Chapter 3: Socialization Society Makes Us Human How much of our human characteristics come from “nature” (heredity) and how much from “nurture” (the social environment)? Observations of isolated, institutionalized, and feral children help to answer the nature-nurture question, as do experiments with monkeys that were raised in isolation. Language and intimate social interaction – aspects of “nurture” – are essential to the development of what we consider to be human characteristics. Socialization : the process by which people learn the characteristics of their group – the knowledge, skills, attitudes, values, norms, and actions thought appropriate for them Feral children : children assumed to have been raised by animals, in the wilderness, isolated from humans Socialization into the Self and Mind How do we acquire a self? Humans are born with the capacity to develop a self, but the self must be socially constructed; that is, its contents depend on social interaction. According to Charles Horton Cooley’s concept of the looking glass self , our self develops as we internalize others’ reactions to us. George Herbert Mead identified the ability to take the role of the other as essential to the development of the self. Mead concluded that even the mind is a social product. Looking-glass self: a term coined by Charles Horton Cooley to refer to the process by which our self develops through internalizing others’ reactions to us Taking the role of the other: putting yourself in someone else’s shoes; understanding how someone else feels and thinks, so you can anticipate how that person will act Significant other: an individual who significantly influences someone else Generalized other: the norms, values, attitudes, and expectations of people “in general”; the child’s ability to take the role of the generalized other is a significant step in the development of one’s self.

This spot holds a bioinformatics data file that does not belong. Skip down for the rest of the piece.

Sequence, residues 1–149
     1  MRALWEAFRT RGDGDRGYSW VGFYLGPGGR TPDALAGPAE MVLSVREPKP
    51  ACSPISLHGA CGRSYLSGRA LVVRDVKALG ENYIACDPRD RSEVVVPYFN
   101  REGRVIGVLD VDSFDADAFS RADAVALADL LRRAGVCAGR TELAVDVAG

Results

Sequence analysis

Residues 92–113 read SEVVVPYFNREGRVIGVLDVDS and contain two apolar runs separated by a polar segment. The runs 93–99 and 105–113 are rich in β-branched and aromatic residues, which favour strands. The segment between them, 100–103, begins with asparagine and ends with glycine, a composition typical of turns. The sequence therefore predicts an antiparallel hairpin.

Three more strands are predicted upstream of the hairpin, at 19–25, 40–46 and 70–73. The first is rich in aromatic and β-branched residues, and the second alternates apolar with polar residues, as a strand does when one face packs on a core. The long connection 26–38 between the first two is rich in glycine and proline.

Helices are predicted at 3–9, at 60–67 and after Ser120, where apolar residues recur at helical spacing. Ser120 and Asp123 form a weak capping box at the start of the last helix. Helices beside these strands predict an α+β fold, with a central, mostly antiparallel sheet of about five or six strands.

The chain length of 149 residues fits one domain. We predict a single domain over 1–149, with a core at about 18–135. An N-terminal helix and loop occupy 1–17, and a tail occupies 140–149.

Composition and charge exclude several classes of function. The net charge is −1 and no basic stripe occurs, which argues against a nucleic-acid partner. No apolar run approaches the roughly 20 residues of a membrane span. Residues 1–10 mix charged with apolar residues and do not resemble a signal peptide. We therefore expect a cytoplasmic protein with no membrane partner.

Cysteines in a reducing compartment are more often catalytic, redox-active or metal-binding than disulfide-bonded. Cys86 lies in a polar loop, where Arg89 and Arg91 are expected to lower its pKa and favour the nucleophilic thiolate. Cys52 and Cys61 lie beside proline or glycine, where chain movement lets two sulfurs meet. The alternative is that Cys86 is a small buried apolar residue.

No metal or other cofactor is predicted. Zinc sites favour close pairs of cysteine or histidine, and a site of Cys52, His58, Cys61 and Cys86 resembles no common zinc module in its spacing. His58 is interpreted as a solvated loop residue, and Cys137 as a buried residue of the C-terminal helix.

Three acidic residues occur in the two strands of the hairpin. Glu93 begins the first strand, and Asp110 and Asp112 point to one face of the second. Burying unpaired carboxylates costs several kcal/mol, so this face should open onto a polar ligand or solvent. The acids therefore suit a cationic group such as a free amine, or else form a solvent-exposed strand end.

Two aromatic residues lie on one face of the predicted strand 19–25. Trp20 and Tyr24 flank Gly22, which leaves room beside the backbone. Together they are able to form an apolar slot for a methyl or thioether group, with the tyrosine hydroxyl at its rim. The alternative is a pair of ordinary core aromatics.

How do children develop reasoning skills? Jean Piaget identified four stages that children go through as they develop the ability to reason: (1) sensorimotor , in which understanding is limited to sensory stimuli such as touch and sight; (2) preoperational, the ability to use symbols; (3) concrete operational, in which reasoning ability is more complex but not yet capable of complex abstractions; and (4) formal operational , or abstract thinking. Learning Personality, Morality, and Emotions How do sociologists evaluate Freud’s psychoanalytic theory of personality development? Sigmund Freud viewed personality as the result of our id (inborn, self-centered desires) clashing with the demands of society. The ego develops to balance the id and the superego, the conscience. Sociologists, in contrast, do not examine inborn or subconscious motivations, but, instead, consider how social factors – social class, gender, religion, education, and so forth – underlie personality.
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